The spices in Indian cuisine have long been praised for their belly-slimming benefits (see: the 50 Ultimate Flat-Belly Secrets for Summer), but one spice in particular helps both the body and the brain. According to a study from UCLA, daily consumption of curcumin—found in turmeric—improved mood and memory in subjects with minimal memory loss. Maybe that’s why India has such a lower rate of Alzheimer’s compared to the Western world!
As we age, we tend to get less sleep—but that doesn’t need to be the case. To wake up well-rested, try gulping down a glass of fresh cherry juice before bed.
According to research in the American Journal of Therapeutics, the juicy drink can add nearly an hour-and-a-half to a person’s sleep cycle. Just make sure to avoid processed cherry juice, as it contains added sugar that can have the opposite effect on your beauty sleep. If snoring is your issue, then you’ll want to check out The 5 Reasons You’re Snoring Every Night—And How to Stop It.
It’s no wonder Hugh Hefner lived to be 91 years-old: Having sex has been known to strengthen the heart, lower blood pressure, and release happy hormones that melt the stress away. Hey, if it’s what the doctor ordered…
The days of eating carrots for healthy eyes are finally over, thanks to science. Researchers from the University of the Incarnate Word in Texas recently discovered that eating dark chocolate can improve eyesight by 40 percent after just a few hours. Sweet!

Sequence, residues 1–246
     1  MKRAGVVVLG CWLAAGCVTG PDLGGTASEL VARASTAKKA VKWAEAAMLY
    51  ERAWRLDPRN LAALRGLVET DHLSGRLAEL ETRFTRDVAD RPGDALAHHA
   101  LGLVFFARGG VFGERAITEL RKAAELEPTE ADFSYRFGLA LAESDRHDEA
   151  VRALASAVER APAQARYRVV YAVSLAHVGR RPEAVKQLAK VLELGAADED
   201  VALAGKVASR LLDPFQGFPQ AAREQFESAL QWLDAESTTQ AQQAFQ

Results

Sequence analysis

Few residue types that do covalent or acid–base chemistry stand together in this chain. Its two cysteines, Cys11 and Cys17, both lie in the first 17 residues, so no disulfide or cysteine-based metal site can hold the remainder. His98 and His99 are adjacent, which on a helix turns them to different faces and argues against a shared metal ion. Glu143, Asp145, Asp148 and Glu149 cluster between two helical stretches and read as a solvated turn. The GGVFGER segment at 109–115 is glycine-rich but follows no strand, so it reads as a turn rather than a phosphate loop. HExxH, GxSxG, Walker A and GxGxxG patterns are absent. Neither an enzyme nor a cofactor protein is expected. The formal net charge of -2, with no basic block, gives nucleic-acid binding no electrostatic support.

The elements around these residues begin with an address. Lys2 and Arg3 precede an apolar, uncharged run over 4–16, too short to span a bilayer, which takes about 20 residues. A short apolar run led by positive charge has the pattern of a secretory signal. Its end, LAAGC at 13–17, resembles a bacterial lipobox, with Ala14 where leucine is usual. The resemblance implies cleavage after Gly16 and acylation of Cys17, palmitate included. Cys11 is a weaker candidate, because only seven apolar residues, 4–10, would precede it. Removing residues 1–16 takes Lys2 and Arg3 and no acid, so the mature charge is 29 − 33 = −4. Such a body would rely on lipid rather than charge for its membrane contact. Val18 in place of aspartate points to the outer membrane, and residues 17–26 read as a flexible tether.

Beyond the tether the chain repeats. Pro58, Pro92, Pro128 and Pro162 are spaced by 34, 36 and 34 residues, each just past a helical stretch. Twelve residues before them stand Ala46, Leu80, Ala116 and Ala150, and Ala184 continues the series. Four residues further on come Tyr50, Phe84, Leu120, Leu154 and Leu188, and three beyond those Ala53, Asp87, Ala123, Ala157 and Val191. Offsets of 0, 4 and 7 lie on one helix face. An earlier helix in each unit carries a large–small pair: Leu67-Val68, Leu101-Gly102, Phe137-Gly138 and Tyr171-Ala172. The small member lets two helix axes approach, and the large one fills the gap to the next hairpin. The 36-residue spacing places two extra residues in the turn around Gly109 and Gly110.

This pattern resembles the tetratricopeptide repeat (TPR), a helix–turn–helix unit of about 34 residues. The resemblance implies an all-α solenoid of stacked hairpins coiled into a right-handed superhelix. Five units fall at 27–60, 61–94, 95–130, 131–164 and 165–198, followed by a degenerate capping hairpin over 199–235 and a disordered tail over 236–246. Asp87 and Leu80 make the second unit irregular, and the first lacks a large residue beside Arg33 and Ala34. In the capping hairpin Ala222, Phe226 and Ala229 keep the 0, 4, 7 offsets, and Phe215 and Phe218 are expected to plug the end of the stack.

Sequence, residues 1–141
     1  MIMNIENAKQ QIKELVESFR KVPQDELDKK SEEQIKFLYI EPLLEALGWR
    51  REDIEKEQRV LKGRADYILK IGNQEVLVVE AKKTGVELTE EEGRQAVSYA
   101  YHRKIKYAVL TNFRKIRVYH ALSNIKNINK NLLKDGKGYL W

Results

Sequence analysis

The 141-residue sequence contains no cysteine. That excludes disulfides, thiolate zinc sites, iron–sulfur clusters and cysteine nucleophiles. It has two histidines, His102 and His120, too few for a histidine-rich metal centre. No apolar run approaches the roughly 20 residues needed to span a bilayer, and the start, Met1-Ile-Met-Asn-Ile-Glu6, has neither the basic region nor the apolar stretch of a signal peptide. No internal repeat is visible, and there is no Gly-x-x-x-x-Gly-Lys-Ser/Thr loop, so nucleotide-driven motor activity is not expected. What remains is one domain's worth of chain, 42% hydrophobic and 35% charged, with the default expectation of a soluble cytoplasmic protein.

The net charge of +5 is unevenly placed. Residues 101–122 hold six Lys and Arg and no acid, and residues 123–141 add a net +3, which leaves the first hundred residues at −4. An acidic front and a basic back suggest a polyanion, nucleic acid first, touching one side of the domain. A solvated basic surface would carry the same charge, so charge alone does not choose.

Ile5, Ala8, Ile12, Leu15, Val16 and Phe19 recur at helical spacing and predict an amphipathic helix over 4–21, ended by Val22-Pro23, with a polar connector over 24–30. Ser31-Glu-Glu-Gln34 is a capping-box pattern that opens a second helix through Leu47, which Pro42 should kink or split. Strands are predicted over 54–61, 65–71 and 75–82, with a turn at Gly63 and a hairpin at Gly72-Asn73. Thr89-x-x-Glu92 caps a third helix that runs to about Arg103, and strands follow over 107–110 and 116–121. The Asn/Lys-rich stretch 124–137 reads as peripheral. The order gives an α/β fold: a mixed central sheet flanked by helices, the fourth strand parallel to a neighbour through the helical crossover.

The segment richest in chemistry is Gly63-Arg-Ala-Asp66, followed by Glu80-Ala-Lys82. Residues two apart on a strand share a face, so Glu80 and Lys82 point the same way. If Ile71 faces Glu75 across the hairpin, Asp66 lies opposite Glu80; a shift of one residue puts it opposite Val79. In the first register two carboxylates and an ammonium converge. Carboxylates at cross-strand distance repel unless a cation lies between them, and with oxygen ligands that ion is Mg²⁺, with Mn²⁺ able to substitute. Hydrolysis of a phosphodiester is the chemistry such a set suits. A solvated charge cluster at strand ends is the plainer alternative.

Don’t let yourself fall into a bad habit of Netflix and chilling in a dark room every weekend. We love being lazy as much as the next person, but our waistline craves the great outdoors. Recent studies show that the sun’s blue light—which is visible during the day—helps eliminate “bad” fat cells that lead to obesity and heart disease. Just be careful when you go outside: the last thing you want to deal with is these sunburn side effects.
Any time the sun is out, regardless of the season, your skin needs to be protected from damaging UV rays. Head out sans sunscreen and you leave yourself vulnerable to a sunburn, which damages our collagen-producing cells and prevents the skin from smoothing out wrinkles and other blemishes.
People who eat out often blame their bad habit on a lack of free time. Cooking at home certainly requires more effort than ordering from a takeout menu, but studies show that a home-cooked meal is healthier and cheaper than dining out.